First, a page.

My bat bungalowThe photo at left is the bat bungalow, right before I put it up on the barn. It was very helpful as it contained instruction on height and direction, placement and temperatures. Reasonably priced – great for city, rural or other small lots in central and eastern states and southern provinces.

You want to be careful that you get the right bat house for your location. Different bats, different temperature requirements, different sizes, and so on. If you click the bat house at right (it is under $20 at amazon) you’ll land on the Northern States and Canada bat house. Once you’re on the site you can switch for your local.

Country Living Author - Laura Childs

Laura Childs
This article was originally published on GoodByeCityLife.com in 2002 in the Out in the Fields category.

About Laura Childs

Country Living enthusiast Laura Childs was a downtown city girl for many years before heading to the hills to live a sustainable lifestyle, raise her daughter, get back to the land, and learn the time tested traditions of a simpler era.

Throughout her farm life adventures of raising animals, working from home, home schooling her daughter, and being more green, Laura Childs has been sharing on the GoodByeCityLife website through articles and personal musings since 1998.

Connect with Laura Childs

Comments

  1. ken e. nelson says:

    i have had a bat house for a few years but no bats…
    i can’t see up in it but there are no droppings on the ground..
    can you tell me how to attract them please…

    my phone number is (GoodByeCityLife edited this # for privacy protection of reader) if you wish to call instead of emailing…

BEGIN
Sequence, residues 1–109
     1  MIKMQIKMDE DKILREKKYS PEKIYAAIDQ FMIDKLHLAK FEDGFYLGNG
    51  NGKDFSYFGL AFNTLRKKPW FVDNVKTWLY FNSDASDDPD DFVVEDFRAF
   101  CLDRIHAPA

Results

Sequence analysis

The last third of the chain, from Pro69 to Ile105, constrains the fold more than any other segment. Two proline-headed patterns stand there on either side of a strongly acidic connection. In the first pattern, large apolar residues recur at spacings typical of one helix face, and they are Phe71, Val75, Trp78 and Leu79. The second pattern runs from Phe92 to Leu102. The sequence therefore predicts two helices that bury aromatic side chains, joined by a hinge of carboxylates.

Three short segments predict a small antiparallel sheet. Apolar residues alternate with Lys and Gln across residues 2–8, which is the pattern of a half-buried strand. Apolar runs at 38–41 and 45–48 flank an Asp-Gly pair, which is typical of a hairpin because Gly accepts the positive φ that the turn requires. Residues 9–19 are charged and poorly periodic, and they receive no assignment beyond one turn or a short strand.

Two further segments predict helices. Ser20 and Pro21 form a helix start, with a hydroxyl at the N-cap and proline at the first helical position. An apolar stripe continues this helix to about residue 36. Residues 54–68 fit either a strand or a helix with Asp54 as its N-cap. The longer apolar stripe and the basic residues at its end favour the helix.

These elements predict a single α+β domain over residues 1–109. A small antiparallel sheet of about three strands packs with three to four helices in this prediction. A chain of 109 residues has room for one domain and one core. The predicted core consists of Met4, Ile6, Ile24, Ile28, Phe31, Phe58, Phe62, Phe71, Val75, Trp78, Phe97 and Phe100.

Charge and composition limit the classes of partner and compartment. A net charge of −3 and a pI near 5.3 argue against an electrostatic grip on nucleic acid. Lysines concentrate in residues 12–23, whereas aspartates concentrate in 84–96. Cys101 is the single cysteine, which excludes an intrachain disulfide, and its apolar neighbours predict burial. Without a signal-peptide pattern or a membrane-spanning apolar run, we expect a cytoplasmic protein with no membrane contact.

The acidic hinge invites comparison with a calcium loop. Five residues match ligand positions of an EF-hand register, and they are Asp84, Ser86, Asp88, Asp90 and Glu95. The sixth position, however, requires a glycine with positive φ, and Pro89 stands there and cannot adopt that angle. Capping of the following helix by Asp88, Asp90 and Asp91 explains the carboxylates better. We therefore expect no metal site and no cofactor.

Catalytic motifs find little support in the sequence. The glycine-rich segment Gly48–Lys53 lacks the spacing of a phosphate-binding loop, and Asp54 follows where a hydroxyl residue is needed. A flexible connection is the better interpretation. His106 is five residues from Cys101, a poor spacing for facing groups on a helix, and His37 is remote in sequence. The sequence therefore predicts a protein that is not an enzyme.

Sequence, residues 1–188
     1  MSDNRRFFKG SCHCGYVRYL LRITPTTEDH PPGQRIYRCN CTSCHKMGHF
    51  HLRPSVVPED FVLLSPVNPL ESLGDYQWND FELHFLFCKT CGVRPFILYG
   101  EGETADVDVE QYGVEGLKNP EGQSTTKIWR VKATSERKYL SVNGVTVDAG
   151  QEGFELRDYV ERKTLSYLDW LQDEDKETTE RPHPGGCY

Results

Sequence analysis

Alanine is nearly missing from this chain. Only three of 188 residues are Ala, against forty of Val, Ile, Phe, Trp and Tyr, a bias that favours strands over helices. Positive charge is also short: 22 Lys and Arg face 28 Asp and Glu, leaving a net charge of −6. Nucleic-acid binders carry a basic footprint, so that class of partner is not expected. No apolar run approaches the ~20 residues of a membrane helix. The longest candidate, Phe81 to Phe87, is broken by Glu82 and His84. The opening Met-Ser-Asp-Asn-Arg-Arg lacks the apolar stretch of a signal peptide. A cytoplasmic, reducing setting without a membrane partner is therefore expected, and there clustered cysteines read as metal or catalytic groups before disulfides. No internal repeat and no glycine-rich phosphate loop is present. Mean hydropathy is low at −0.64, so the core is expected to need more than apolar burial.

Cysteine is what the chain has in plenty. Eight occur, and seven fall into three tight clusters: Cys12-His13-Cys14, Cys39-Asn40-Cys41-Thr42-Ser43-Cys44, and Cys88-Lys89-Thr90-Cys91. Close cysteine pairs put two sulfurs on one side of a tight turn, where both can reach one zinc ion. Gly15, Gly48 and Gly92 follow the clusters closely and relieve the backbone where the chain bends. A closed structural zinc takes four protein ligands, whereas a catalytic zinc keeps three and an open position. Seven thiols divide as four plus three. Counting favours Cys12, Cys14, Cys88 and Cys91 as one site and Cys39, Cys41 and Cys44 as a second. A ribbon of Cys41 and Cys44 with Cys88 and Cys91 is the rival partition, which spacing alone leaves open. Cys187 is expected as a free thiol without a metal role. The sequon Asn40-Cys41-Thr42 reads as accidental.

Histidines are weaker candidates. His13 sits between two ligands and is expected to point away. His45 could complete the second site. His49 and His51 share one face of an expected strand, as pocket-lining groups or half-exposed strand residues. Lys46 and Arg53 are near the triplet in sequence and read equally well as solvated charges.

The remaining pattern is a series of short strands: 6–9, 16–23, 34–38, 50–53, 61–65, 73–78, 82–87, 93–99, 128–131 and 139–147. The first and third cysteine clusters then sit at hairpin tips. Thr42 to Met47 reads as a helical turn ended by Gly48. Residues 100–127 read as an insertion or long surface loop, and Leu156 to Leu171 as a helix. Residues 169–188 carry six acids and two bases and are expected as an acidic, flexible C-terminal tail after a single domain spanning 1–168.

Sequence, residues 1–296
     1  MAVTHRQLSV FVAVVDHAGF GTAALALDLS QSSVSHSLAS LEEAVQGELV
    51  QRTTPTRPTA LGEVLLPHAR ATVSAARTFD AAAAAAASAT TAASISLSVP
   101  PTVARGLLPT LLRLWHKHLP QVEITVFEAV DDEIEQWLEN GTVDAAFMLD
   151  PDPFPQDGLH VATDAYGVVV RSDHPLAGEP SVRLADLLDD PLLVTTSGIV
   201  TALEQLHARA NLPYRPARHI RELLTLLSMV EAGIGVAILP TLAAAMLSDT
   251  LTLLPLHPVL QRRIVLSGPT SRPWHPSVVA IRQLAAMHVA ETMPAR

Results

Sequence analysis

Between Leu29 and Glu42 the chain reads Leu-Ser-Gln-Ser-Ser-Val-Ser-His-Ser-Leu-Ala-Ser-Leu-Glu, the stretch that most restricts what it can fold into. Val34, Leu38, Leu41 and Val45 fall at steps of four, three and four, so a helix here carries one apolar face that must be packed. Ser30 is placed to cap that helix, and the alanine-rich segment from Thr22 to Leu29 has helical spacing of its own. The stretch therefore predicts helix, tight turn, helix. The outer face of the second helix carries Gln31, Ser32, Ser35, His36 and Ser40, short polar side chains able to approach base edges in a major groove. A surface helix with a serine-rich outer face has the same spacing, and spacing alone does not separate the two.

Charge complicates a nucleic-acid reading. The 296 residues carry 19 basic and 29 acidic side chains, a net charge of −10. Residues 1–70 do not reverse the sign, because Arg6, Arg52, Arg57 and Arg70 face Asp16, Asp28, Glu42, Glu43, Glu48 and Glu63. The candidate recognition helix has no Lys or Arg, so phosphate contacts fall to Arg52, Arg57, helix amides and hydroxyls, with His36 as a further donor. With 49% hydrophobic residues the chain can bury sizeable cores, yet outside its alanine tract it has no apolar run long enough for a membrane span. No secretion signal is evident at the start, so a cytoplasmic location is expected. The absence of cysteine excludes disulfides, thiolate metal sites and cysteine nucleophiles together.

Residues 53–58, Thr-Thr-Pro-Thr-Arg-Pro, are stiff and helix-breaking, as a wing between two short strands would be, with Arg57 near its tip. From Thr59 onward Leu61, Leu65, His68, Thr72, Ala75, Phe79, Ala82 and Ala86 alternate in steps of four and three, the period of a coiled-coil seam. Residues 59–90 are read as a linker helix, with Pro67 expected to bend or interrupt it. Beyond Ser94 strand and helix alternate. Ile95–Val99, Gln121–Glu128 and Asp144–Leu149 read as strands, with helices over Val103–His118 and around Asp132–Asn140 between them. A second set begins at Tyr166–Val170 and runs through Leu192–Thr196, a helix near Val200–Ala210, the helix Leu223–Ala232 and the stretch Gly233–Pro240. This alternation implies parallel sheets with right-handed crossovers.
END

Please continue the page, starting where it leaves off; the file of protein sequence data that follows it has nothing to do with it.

2. James Kaus says:

    I was considering the possibility of bats contracting rabies via ingesting a mosquito that had just engorged blood from an rabid animal. I beleive that rabies can be transmitted via several routes ie; bites, water supply, contact with infected bodily fluids, and by eating an infectted animal. Therfore I theorize that rabies could be transmitted mosquito to bat by way of ingestion and unlike WNV or HIV, not be destroyed by saliva or gastric fluids. Am I wrong in this assumption? I love my bats, I live in the Sierras and I couldn’t be outside in the evenings until my bats came to reside under the ridge of my exterior roof. I built a bat house with two peices of plywood and a length of 1″x 1″ on the sides and top. On the back peice of ply wood I stapeled a piece of synthetic fly screen to give them something to cling to. They are very happy.

  3. I’ve had a bat house for 3 yrs. The house is about 18 ft above ground. Woods and creek are behind my house. House faces south west seems like every thing is done correctly but no bats. Any ideas?